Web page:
I’ve been growing sweet corn for 35 years
and it’s one of the favorite things that we grow in the garden. I’ve tried all different varieties — the
Bodacious, the Ambrosia, Silver King, a lot of the super sweets. And I keep going back to Silver Queen. It just happens to be my favorite sweet corn. It’s a great-tasting corn and it’s easy to
silk, so that’s the one we grow every year. Three important factors growing sweet corn
are pollination, water and fertilization. Pollination — corn is pollinated by the wind,
not by the bees. So some people want to plant one or two long
rows. Well that’s the wrong thing to do. You always want to plant your corn in blocks,
sort of like squares. That way when it starts tassling out and the
wind blows, the wind can pollinate your corn. And you get a lot better results than if you
try to plant one or two long rows. Keeping adequate moisture to your corn when
it gets up to this stage can be problematic. The way we used to have to do it is we took
our sprinkler and we would lay it on a barrel or whatever to try to get it up over the corn. We had to use a lot of water because these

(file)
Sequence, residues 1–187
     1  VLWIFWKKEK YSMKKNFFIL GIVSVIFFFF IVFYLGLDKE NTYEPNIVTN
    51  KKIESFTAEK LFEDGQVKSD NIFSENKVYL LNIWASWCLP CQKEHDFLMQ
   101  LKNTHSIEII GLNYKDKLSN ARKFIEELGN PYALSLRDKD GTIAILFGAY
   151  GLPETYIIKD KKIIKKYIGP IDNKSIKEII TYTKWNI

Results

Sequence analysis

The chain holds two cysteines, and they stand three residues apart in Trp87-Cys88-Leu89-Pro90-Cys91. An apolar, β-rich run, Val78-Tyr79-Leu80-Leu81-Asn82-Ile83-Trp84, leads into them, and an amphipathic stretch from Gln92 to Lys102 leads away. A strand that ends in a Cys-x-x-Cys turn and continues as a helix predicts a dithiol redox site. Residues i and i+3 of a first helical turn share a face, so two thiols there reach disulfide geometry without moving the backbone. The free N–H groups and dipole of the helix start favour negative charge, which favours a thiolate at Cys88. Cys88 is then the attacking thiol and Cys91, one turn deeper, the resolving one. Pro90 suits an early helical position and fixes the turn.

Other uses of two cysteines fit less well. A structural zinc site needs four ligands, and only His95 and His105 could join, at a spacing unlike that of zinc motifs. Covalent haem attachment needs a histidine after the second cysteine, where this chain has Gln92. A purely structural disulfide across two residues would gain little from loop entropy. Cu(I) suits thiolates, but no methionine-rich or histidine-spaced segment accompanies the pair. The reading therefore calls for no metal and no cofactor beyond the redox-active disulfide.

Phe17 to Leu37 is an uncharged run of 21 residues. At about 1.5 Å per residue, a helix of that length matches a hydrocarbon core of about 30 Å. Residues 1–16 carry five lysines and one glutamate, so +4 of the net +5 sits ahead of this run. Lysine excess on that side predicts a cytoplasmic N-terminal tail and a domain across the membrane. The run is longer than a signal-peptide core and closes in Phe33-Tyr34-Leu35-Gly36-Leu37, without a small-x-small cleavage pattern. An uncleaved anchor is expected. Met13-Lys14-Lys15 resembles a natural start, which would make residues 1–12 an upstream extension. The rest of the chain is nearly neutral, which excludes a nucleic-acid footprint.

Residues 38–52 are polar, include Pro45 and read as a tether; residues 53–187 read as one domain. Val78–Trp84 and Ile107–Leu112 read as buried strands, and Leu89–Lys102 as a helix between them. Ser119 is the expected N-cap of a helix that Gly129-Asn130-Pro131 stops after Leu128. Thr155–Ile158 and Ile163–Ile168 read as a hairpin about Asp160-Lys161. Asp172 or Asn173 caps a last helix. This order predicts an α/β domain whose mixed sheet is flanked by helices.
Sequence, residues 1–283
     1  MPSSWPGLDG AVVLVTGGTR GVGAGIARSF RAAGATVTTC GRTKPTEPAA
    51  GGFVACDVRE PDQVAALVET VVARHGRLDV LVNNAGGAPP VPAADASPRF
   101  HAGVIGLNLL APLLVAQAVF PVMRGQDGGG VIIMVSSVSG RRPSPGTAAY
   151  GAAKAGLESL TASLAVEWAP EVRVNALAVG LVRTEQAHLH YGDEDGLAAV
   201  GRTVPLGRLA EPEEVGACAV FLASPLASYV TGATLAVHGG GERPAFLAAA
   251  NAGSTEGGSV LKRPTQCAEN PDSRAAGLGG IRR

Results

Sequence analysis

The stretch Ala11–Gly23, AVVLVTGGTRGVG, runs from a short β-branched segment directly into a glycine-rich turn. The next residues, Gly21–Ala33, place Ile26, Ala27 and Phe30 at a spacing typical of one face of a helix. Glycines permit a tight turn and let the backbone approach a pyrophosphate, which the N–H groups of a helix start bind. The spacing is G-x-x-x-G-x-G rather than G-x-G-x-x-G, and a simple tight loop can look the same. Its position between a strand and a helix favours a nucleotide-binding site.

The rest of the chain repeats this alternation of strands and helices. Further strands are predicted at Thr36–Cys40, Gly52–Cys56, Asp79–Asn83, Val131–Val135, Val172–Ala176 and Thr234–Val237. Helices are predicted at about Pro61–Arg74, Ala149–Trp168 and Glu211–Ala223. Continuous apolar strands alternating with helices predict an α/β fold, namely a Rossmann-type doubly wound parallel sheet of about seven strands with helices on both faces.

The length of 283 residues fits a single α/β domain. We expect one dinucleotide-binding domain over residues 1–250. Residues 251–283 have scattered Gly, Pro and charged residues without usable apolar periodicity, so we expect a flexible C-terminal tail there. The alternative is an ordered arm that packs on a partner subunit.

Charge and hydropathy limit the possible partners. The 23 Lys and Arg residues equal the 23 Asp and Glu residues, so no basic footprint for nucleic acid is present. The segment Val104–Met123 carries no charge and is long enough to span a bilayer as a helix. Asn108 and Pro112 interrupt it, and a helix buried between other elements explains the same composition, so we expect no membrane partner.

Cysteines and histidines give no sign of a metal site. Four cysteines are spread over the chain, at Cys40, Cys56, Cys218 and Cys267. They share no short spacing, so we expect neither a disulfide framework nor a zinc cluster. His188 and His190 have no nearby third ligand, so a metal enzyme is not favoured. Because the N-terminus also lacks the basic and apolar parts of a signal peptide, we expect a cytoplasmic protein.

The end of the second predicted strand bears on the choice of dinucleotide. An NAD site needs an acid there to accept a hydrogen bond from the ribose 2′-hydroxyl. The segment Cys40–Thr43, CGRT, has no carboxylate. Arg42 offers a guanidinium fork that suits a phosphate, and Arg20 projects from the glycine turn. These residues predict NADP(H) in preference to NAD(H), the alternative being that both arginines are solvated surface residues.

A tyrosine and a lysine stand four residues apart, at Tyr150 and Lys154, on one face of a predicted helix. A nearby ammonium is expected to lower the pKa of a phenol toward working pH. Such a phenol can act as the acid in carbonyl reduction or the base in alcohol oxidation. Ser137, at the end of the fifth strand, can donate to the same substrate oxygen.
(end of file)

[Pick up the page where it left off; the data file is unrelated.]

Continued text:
leaves caught it and to get the water to the root system, it took a lot of water. But we started using our drip tape. So now when I get ready to water, all I have
to do is come out and turn the valve on. It puts the water right there at the root
system. We use a lot less water than what we used
to use and our corn never stresses. If that leaf ever twists up, then you’re stressing
that plant and you don’t want to do that. Corn is a heavy feeder and it likes plenty
of fertilizer. You want those leaves nice and green. The way we do it is at pre-plant, before we
plant our corn, we put plenty of compost and good chicken litter down. And then once our corn gets up to about knee
high, we start fertilizing it with our fertilizer injector through our drip system. Now we inject 20-20-20 which is a conventional
water soluble fertilizer through our fertilizer injector. And Chilean Nitrate — Chilean Nitrate is
a 16% soluble nitrogen. So if you’re growing organically, that’s a
great source for nitrogen for your corn. You can inject it right into your drip system. The old timers used to say that on a still
afternoon in the summertime, if you was really quiet, you could stand and you could actually
hear the corn growing. I think they may have been right.